Another aspect of the case is worth noting too, namely what an article in The Independent called Johnson’s “worryingly feminist” defence. Siobhan Fenton wrote:

In many ways the story is a familiar tragedy of an older, powerful man abusing his position to seek sexual gratification from a vulnerable person. However, what is particularly striking is the extent to which Johnson has not only failed to deny these wider social issues surrounding abuse, but almost embraced them. Indeed, in a bid to deflect responsibility for the suffering he has caused, his defence in court represented an almost feminist logic…

Johnson, she said, claimed his early rise to fame and success as a gifted teenage footballer made him arrogant and retarded his development. His defence, as she put it, “echoes feminist arguments about rape culture whilst inverting them to scapegoat [sic; just means escape?] personal responsibility”. She thought that Johnson’s expensive barrister, Orlando Pownall QC, had deliberately drawn on the “feminist” perception that culture is all-important in forming our ideas of what is sexually acceptable and unacceptable, and that his client had unfortunately been brought up in a particularly Neanderthal atmosphere: that of professional football.

Note that expression, “rape culture”. Fenton uses it no fewer than six times in an article of not much more than 600 words! Johnson was acquitted of consensual but illegal oral sex. What we get from Fenton is rape, rape, rape, rammed down our throats in her own act of oral rape, on a totally spurious basis.

Johnson might have been expected to use the traditional mitigation that the complainant had been a willing participant, thereby “blaming the victim”. Of course, that would have outraged the anti-sexual zealots. Logically, then, the “feminist” defence he actually adopted should be seen by the victimhood promoters as a great improvement. After all, Johnson, was humbling himself, admitting he had done “wrong” and saying he was sorry.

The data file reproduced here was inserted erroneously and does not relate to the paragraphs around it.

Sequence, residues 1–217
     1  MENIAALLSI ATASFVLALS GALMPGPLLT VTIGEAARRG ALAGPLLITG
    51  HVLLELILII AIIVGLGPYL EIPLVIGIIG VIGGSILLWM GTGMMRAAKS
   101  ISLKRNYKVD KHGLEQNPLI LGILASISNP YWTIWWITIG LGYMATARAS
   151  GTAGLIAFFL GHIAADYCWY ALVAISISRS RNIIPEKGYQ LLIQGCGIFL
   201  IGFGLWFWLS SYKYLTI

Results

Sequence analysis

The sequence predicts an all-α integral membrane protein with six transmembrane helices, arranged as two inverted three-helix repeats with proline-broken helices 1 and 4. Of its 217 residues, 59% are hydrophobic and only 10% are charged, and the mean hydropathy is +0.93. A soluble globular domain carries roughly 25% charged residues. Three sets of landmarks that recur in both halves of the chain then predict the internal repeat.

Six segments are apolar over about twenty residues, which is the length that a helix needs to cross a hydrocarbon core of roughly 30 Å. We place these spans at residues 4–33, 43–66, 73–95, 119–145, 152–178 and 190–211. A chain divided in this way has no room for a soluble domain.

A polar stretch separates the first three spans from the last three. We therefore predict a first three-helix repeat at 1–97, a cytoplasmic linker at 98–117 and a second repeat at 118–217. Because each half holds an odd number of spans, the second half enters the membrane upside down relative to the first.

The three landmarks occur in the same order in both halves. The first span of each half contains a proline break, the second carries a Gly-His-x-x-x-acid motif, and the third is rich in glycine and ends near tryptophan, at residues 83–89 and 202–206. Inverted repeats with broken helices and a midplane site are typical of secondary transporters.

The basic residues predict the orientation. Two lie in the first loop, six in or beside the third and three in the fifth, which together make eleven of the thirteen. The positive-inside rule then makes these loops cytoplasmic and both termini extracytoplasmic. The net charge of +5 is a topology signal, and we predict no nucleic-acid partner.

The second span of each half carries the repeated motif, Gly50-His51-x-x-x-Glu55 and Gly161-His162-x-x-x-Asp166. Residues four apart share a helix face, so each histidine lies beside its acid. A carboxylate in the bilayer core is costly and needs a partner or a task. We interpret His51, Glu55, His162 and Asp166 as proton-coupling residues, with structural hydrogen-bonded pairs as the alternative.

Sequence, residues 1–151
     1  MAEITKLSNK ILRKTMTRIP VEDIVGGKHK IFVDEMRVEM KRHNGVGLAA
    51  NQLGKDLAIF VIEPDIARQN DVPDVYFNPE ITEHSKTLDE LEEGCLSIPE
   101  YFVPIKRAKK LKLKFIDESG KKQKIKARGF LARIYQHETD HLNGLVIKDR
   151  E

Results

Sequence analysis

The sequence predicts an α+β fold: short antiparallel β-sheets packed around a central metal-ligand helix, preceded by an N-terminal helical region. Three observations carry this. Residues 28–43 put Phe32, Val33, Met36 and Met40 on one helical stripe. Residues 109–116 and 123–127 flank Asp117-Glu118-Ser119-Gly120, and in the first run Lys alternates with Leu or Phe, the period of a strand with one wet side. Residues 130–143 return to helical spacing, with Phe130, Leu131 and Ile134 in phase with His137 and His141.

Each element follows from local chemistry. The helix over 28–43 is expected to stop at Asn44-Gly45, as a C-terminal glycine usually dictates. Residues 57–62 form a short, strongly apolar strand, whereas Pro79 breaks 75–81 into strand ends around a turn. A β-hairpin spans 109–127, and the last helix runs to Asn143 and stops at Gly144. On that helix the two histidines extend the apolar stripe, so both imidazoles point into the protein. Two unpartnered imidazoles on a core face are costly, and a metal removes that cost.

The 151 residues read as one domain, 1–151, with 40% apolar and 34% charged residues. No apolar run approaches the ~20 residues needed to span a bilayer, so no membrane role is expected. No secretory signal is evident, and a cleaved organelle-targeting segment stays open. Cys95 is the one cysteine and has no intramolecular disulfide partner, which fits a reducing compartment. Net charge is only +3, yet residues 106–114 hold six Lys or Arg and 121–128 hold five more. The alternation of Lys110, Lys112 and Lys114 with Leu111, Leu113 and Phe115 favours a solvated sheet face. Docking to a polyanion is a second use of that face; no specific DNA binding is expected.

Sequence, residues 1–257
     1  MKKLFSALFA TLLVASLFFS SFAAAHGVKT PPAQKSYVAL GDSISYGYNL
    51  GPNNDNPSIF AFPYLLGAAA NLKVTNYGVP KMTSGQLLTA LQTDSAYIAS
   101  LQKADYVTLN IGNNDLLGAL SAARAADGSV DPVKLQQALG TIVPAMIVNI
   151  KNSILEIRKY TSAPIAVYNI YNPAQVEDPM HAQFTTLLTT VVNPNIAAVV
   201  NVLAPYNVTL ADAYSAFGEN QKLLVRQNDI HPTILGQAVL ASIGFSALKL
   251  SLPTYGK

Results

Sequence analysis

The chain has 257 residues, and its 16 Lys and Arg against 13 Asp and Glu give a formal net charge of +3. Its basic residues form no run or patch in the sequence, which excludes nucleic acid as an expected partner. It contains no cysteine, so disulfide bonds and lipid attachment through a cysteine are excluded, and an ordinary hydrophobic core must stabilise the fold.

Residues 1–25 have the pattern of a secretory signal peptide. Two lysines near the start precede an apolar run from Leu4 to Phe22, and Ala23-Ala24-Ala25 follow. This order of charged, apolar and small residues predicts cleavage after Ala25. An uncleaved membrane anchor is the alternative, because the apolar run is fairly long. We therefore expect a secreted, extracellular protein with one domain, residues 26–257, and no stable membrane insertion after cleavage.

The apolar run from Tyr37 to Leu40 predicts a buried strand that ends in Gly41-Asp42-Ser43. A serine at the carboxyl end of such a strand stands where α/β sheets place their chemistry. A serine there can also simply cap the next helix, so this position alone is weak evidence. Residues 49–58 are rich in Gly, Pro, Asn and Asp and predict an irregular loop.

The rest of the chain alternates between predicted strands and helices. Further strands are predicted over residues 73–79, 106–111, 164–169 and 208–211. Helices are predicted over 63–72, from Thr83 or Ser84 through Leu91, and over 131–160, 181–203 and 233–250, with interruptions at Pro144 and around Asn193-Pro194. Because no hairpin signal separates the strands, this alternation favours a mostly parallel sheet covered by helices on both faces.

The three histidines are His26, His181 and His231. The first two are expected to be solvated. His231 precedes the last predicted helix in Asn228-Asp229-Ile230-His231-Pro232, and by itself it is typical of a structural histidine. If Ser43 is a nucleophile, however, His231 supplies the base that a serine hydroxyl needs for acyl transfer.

But that just seems to have incensed the indignados even more! How dare he be humble! What right has he to be sorry!  As for seeking to understand where he had gone wrong, by trying to see his behaviour from a feminist point of view, there could be no more cynical and appalling crime! Doing that, after all, allowed him to argue for a punishment short of castration followed by execution! Why should he be permitted to do that? What right could any man possibly have to any so-called “defence” when accused by a woman? The arrogance of it! The chauvinistic sense of entitlement!

It is clear there can be no appeasing feminists of Fenton’s sort. They are unreasonable. They are implacable. They must be met not with grovelling submission but with contemptuous ridicule.

Easy for us to say, looking on. Not so easy when you are in a courtroom and desperate for any sort of get-out-of-jail card. Judge Jonathan Rose said the range under consideration was between four and 10 years. A prison sentence was “almost inevitable”, he said, telling Johnson he was being granted bail to “say goodbye to your daughter” before sentence is passed.

The CPS sentencing guidelines actually point to rather less draconian possibilities. The starting point for “grooming” (the flirtatious messages), where the child is over 13, is 18 months. For “sexual activity with a child” of this age (the groping) it is only 12 months, albeit that is for touching the child’s genitals without penetration. But this rises to four years if a finger finds its way into a vagina.